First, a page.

IN giving his reasons, in the Converted Catholic, for January, for becoming a Protestant, Rev. Jas. A. O’Connor says:—
Butler’s Cathechism [sic.] told me in those days of my youth that “a grievous offense or transgression against the law of God” is called a “mortal sin,” because “it kills the soul and brings everlasting death and damnation on the soul;” while venial sin does not kill, but only “hurts the soul by disposing to mortal sin.” Furthermore I was taught by this Catechism that the gravity of an evil action was intensified by being perpetrated on Sunday. The question was: “Is the sin the greater for being committed on Sunday?” and the answer was: “Most certainly.”
That this is still the teaching of the Roman Catholic Church was illustrated by Rev. Henry A. Braun, D.D., Rector of St. Agnes’ Roman Catholic Church on East Forty-third Street, this city, when in company with another converted priest I called on him for tickets for the service in his church, the feast of St. Agnes, in February, 1893, when Bishop McQuaid preached and Archbishop Corrigan, Bishop McDonnell of Brooklyn, and a score of priests were present. Father Braun received us as intelligent gentlemen who called on him for press tickets that would give us good seats, and he detained us for half an hour while eulogizing the parochial school system. We listened with apparent interest, and when he had concluded he illustrated the necessity of parochial school teaching as distinguished from the public schools by saying that a Catholic boy who had done wrong or was guilty of sin would realize the gravity of the offense more keenly if told by his teacher that the day in which the transgression occurred was, for example, Good Friday, the day on which our Lord died, or the Lord’s day, Sunday. That, said he, would be an appeal to the boy’s faith that would restrain him from future transgressions. “Don’t you think so?” he said to me.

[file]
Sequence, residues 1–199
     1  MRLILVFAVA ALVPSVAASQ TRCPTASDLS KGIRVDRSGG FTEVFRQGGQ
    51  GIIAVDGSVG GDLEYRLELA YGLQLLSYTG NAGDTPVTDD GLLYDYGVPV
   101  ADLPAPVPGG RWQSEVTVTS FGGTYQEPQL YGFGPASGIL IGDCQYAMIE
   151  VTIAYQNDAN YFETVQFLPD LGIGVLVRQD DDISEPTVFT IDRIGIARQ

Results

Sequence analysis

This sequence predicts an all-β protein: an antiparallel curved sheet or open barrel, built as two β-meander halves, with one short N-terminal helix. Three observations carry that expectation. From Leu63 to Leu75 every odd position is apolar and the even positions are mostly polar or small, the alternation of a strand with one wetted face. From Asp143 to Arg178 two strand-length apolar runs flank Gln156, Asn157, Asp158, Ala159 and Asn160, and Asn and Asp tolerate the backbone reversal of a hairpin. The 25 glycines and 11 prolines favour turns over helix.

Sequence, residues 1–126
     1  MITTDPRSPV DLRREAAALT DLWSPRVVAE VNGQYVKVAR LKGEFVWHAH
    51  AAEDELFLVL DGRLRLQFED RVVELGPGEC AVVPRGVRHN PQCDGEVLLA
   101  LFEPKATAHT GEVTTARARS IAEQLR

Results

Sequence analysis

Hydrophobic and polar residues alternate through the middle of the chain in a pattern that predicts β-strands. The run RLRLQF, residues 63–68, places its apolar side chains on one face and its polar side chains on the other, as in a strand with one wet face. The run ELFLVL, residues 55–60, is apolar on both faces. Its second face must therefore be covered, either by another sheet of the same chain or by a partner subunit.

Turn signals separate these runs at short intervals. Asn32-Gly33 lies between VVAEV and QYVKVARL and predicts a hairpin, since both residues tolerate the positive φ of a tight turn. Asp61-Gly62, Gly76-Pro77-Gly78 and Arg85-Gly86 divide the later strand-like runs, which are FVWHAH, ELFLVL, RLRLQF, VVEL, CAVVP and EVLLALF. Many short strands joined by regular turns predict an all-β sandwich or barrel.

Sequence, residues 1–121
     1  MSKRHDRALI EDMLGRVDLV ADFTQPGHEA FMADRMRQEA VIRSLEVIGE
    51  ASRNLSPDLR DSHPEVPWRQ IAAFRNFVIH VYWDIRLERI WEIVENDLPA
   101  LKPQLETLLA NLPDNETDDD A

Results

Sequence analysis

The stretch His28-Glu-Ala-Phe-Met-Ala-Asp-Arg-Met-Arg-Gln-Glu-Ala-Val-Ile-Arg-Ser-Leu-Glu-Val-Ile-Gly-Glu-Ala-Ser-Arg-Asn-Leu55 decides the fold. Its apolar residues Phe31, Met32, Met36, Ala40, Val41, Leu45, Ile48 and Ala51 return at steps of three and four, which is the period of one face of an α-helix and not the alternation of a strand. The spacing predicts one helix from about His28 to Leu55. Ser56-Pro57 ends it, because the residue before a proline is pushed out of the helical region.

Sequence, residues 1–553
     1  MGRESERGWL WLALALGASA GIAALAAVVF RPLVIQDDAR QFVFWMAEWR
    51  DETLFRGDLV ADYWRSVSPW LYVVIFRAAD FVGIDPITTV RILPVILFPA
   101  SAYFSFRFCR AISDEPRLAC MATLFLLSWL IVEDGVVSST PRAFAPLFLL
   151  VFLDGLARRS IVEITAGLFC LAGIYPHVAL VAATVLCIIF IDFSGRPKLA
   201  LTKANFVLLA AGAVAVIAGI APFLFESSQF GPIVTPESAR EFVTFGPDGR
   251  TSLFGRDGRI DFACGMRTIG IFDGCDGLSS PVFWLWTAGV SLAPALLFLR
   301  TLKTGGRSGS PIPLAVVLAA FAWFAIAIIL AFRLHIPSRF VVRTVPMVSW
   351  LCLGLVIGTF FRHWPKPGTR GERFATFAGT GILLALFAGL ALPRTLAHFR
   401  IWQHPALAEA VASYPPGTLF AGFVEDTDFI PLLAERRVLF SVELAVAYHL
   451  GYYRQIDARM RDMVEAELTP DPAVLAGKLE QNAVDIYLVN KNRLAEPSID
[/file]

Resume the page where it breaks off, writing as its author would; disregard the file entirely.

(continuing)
Very quickly and forcibly I replied, “Not at all. That is one of the reasons why the American people will never consent to allow public money to be given to your schools. You teach a false and unchristian system of morality. A sin is a sin whether committed on Friday, Sunday, Monday, or any other day of the week.”
Father Braun’s face grew scarlet, but he tried to recover his ground by the question: “Don’t you think  the sin is greater by being committed on a holy day—for example, is it not a greater sin to get drunk on Sunday than on any other day of the week?”
His manner was embarrassed and I replied good-humoredly, “It depends on the kind of a drunk. If it is a case of intoxication it is as bad as Sunday as on any other day of the week, no more or less; a drunk is a drunk whenever it occurs, and the drunkard’s sin is as great on Wednesday as on Sunday. That is another instance of the immoral teaching of your church. Your standard of morality is totally different from that of the American people, and they will never indorse such doctrine by giving support to your schools.”
Mr. O’Connor is quite right in regard to the quality of an act. Sin is sin on whatever day it is committed. But we are not so sure that he is right about the views of the American people. In fact, everything goes to show that the “American” view is substantially the Catholic view. Indeed, almost every American State prohibits on Sunday some things which are not prohibited to Catholics by the church except for such hours of the day as are devoted to public worship, and then only that the people may be the more free to attend Sunday services. This shows that even in the “American” conception the time of the commission of an act changes the quality of the act.